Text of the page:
The world can be a pretty scary place. As an event organizer or manager you're faced with the fact that with every event you hold; there is always the possibility of weather, power outage, emergency or injury among so many other potential dangers and risks. It's overwhelming! To add another layer of stress  despite safety being first and foremost, physical safety isn't the only danger to attendees that you need to worry about. There is also the element of digital data protection and keeping personal information safe from the hands of cybercriminals. While the risks will always be out there, there are some key ways that you can rest easier leading up to and during your events. This roadmap aims to walk through all of the preparations you need to:

  • Create a physically safe environment for attendees 
  • Defend attendee personal data and security
  • Ensure a safe and secure mobile app experience for attendees

The following sections go into more depth about considerations, and action items you might take to better your events' safety and security.



Physical Safety 

For your event to succeed — both in the short term and year after year — attendees' physical safety takes top priority. At first glance this seems simple enough: Account for common threats and risks and the issue should sort itself out, right? Not quite. Every venue is different, every crowd is different and every event plays out differently depending on a host of factors including weather, popularity, cost, and attendee expectation. As the event organizer, you are expecting the best outcomes for your events but you must also be prepared and have a plan for worst-case scenarios. Using established safety and security best practices you can create the ideal physical strategy for your event.


Let's get started with a few action items:

1. Evaluate Venue Safety Processes

As noted by Event Marketer, the right venue is critical to attendee safety. Why? Because not all venues are equal when it comes to security. First, assess the event space for ease-of-access: 

  • Are there enough doors to handle the number of people you anticipate?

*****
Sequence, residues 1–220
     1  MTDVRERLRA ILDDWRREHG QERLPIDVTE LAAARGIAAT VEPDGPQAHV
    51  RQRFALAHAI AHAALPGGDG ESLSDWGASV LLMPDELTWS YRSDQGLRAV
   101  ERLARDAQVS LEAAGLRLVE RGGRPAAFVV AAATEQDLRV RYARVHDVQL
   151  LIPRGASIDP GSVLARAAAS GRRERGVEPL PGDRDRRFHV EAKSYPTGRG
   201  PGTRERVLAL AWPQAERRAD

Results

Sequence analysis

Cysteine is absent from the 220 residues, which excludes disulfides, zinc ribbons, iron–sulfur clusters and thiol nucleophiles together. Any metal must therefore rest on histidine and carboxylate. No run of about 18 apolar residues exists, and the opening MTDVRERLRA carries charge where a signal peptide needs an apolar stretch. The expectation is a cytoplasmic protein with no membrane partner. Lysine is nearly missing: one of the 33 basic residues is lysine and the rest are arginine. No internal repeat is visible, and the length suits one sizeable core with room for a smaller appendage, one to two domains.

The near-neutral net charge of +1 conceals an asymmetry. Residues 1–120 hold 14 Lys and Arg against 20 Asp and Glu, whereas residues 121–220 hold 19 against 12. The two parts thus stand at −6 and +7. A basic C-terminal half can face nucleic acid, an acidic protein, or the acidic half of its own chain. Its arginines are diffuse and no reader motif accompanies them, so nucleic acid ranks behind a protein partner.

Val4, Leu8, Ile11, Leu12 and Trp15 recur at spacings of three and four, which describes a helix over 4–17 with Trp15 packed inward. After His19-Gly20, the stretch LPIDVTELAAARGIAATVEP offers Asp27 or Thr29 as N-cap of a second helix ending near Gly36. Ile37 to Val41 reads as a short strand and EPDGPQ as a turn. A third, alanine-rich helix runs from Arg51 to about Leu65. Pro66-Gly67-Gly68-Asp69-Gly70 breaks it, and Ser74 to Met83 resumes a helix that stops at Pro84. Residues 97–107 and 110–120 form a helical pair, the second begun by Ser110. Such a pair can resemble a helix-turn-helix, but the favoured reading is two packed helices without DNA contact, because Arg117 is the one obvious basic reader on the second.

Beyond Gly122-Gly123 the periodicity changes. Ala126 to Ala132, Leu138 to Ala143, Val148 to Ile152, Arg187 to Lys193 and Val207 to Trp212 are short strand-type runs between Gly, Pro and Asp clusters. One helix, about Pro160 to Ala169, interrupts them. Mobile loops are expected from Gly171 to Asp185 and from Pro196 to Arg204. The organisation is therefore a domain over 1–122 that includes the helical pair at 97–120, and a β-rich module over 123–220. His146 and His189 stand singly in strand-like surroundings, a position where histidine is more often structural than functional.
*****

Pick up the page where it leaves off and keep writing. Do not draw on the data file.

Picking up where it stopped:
• Are emergency exits clearly marked and easily accessible? 
  • Is the space open and easy to navigate, or cramped and confusing? 
  • Can the venue provide you with an emergency exit plan or other safety documentation?

It's also worth speaking to venue staff and management and asking how they manage security and emergency procedures with their staff. Look for a business that's willing to communicate its safety procedures and expectations with attendees as a matter of course, not an afterthought.

2. Assess Risks 

Next, assess risk potential in order of likelihood and importance. Here's an example: Your event is planned for the spring, features a local celebrity and is happening on the same weekend as several other festivals and sporting events. So, your risk assessment list might look like this:

  • 1) Crowd concerns — Well-known hosts and presenters can draw larger crowds which increase the risk of physical altercations or trampling risk if there's an emergency.
  • 2) Flooding issues  — Spring weather is unpredictable, meaning you need a flood mitigation plan in place if you're hit with rainstorms. Power outages are also a concern.
  • 3) Traffic problems — With other events going on nearby, parking and traffic could be issues for your attendees. How many access routes are available? How many parking stalls? What about public transit?

By considering likely risks and potential consequences, you can draft a risk-priority list to inform your event strategy. It's always smart to have action plans in place for navigating likely issues.  

3. Create a Plan 

Maximizing attendee safety means mapping out what's going to happen, how and when. For example, do you need to move attendees from one location to another during the course of the day? Plan out this transition. Decide what time the transition should start, what type (and how many) notifications you'll give attendees and then map out the transition route — even if it's just down the hall.


Here's why: The enemy of great event safety is poor planning. When event staff doesn't know what's going to happen next or what they're expected to do, they're prone to make mistakes or overlook more serious security issues. Your best bet? Draft action plans which give event staff the details and direction they need to make informed choices and help attendees stay safe. For emergencies such as fires, floods, power outages and storms the CDC has a solid catch-all plan, while the DHS offers a good starting point for an active emergency situation planning.

4. Document Contingency Plans

Always document your contingency plan and make it available to all event staff. Key aspects of a contingency plan include:

  • What's supposed to happen — A brief overview of how your event should run if no issues arise.
  • Specific problems and remedies — For example: What happens if the room or venue you've booked is suddenly unavailable? List backups starting with those coordinated by the event venue and other alternate locations as needed.
  • Strategies for dealing with attendees — Your contingency plan should include suggestions for event staff to help limit frustration or ensure that attendee frustrations are effectively dealt with by management instead of front-line staff.

In addition, create a chain of command. All event staff must know who's in charge and who they need to talk to if something goes wrong. This is critical in emergencies — assigning staff specific roles and giving them a reliable contact point reduces their overall stress levels and helps them make better decisions.

5) Execute Your Plan

What's your day-of event plan? You need one that covers the specifics: 

  • Event access
  • Check-in process